Work with business to tackle violence against women in the workplace, including developing and publishing a pledge with explanatory guidance for all employers to sign as part of the Public Health Responsibility Deal in order to commit them to develop a comprehensive policy to support all members of staff experiencing domestic abuse (48 – on-going to 2015).

Raise awareness in the Department of Health to ensure staff has an understanding of VAWG and where to seek help and support. Engage with other Government Departments to encourage similar activity for staff across the Civil Service (49 – on-going to 2015).

Cross-Government Definition of Domestic Violence: A Consultation (December 2011)
A commitment to consider changing the cross-Governmental definition of domestic violence was made within the VAWG action plan (77). This followed a recommendation from the Home Affairs Select Committee Report in 2008. A consultation to this end was launched in December 2011. Four options were put forward: definition remains the same; is amended to include coercive control; is extended to all 16 and 17 year olds; is extended to all those under 18. SEA advocated for the definition to include coercive control so that professionals are better able to recognise the use of power and control within domestic violence, including economic coercion.

Call to End VAWG: Action Plan Progress Review (November 2011)
On the International Day for the Elimination of Violence Against Women (25 November) 2011, the Government published an action plan progress review. SEA was pleased to note that a draft training module for healthcare professionals involved in carrying out Work Capability Assessments for victims of VAWG had been delivered (32). It was also good news to learn that agreement for a long term funding solution to replace the Sojourner has been reached with DWP (40). However it was disappointing to hear that implementation of an automatic 13 week deferral of job seeking activity for victims of domestic violence within the Provisions of the Welfare Reform Act (2009) had been put back to March 2012 (33).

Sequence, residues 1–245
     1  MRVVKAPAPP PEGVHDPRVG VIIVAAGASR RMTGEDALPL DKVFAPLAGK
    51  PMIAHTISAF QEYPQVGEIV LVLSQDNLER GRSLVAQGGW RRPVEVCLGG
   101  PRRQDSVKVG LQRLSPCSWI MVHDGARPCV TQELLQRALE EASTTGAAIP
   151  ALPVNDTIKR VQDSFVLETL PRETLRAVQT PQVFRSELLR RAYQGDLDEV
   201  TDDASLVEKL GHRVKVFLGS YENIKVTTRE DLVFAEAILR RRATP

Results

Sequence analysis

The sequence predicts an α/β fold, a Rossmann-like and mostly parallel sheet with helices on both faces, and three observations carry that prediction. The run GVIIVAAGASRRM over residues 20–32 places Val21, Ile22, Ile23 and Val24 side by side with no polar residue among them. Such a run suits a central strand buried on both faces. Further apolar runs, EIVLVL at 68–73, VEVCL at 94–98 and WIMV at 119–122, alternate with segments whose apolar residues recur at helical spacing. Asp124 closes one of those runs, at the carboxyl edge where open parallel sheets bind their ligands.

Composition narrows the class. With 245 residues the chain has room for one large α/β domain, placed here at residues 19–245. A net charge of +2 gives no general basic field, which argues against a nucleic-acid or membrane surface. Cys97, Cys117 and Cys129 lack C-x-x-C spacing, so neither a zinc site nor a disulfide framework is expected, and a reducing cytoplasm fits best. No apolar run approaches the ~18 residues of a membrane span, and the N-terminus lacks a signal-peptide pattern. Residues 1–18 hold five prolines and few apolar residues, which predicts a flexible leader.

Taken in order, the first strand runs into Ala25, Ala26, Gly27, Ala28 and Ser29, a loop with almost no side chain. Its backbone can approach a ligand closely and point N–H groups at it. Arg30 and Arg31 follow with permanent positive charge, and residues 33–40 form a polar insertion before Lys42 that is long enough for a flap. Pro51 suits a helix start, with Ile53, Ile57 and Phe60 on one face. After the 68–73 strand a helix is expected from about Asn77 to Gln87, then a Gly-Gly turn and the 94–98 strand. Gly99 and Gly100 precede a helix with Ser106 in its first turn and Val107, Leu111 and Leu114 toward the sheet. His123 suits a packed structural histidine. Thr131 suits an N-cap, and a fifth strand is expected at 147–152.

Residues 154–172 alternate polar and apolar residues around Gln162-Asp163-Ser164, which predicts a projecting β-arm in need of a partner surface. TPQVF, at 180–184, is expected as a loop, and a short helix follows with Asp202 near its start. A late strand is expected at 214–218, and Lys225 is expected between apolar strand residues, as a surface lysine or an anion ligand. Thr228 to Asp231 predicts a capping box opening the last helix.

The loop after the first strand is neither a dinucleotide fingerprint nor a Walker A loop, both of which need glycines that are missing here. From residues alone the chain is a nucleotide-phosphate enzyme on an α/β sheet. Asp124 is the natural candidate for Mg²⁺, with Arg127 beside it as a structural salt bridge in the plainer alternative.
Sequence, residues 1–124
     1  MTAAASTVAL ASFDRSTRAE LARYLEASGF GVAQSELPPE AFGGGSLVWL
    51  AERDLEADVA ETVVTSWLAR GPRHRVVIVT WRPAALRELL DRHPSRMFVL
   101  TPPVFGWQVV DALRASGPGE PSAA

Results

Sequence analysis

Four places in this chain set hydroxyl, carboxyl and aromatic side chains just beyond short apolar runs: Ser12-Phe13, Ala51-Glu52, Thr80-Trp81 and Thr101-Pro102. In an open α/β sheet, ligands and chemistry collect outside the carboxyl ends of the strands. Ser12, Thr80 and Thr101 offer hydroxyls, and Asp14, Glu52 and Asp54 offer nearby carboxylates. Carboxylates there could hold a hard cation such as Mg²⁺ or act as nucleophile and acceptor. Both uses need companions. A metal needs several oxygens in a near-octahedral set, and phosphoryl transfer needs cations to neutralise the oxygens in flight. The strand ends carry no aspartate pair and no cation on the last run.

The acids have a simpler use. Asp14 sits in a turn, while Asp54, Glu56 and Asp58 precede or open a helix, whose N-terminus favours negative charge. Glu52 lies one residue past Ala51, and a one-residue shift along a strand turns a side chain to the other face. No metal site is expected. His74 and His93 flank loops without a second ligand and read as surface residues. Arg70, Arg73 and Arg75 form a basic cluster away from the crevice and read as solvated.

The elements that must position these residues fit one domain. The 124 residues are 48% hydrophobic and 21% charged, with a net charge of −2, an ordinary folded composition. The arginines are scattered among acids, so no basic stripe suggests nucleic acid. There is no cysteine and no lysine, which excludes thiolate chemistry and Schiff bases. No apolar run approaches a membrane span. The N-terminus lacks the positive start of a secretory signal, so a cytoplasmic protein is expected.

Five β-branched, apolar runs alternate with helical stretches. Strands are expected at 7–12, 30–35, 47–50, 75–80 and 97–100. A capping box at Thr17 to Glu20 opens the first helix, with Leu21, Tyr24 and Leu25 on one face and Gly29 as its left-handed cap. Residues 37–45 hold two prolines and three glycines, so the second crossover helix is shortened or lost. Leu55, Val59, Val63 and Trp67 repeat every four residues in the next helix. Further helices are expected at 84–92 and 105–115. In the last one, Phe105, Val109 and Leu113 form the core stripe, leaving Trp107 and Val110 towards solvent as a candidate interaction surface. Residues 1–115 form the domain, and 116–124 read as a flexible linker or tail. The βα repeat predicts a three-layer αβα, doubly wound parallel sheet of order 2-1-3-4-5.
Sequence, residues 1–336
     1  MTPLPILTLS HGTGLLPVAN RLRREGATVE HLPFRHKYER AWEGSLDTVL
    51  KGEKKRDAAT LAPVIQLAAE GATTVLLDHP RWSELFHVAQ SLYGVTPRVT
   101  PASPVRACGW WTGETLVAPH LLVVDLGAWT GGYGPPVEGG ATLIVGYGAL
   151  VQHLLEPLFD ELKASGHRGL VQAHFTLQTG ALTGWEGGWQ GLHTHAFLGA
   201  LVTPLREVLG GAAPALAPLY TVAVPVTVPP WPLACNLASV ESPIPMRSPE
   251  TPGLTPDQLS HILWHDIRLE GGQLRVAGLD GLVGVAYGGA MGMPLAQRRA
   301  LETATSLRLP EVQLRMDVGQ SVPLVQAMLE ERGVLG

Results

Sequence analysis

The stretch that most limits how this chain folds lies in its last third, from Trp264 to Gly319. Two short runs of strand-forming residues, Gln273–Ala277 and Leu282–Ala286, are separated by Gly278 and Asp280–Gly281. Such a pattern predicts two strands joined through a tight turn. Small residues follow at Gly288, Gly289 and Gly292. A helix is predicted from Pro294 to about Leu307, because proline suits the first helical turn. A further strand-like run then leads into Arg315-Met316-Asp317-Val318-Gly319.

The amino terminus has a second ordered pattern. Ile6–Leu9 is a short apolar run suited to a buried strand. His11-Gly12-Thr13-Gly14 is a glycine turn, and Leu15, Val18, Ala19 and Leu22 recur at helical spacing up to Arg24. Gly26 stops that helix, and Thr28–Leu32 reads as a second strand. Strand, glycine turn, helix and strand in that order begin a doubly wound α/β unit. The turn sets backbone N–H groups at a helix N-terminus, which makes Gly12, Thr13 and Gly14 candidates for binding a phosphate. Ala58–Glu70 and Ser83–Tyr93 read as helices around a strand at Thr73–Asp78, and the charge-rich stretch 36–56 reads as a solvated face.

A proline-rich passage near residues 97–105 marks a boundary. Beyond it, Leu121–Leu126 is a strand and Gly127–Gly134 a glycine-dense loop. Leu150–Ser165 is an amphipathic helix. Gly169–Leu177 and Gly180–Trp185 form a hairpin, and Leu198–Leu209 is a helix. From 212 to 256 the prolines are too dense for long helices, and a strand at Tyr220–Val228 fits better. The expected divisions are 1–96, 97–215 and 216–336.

Guidance for Domestic Violence Homicide Reviews (April 2011)
As part of the VAWG action plan published in March 2011, the Government committed to implement section 9 of the Domestic Violence, Crime and Victims Act (2004) putting in place statutory domestic violence homicide reviews (75). The provision came into force in April 2011. In recognising that many people and agencies may have known about the abuse experienced by a homicide victim, multi-agency guidance is accompanied by information leaflets for family and friends as well as employers and colleagues.
Call to End Violence against Women and Girls: Action Plan (March 2011)
The action plan which sits under the VAWG strategy was launched in March 2011 and sets out a number of commitments, including three to address the negative economic impact of domestic violence. These include:
Introduce VAWG training for health professionals who carry out Work Capability Assessments in order to improve their understanding of the issues involved. This will help ensure that victims of VAWG are seen by trained medical assessors (32).

Introduce an automatic 13 week deferral of job seeking activity for victims of domestic violence within the Provisions of the Welfare Reform Act (2009) allowing them to get into a stable situation before seeking work (33).

Build on learning from the Sojourner Project to identity an effective and sustainable solution to support women and their children who come to the United Kingdom on a spousal visa and are forced to flee that relationship as a direct result of proven domestic violence yet have no recourse to public funds (40).

Call to End Violence against Women and Girls: A Strategy (November 2010)
On 25 November 2010, Theresa May (Minister for Women) launched the Coalition Government's strategic narrative Call to End Violence against Women and Girls in order to mark the International Day for the Elimination of Violence Against Women. Four guiding principles underpin the strategy: prevention of violence; provision of services; partnership working; and protection through justice outcomes and risk reduction.

Within the strategy document, the Government recognises the negative economic impact that violence has on the lives of women and girls:

VAWG internationally stops women contributing to society and benefiting fully from health, education, economic opportunities and other services due to physical suffering or fear of being attacked.

The lost economic output of women affected by VAWG runs to billions of pounds.

Victims of domestic violence should have financial support when an abusive relationship ends.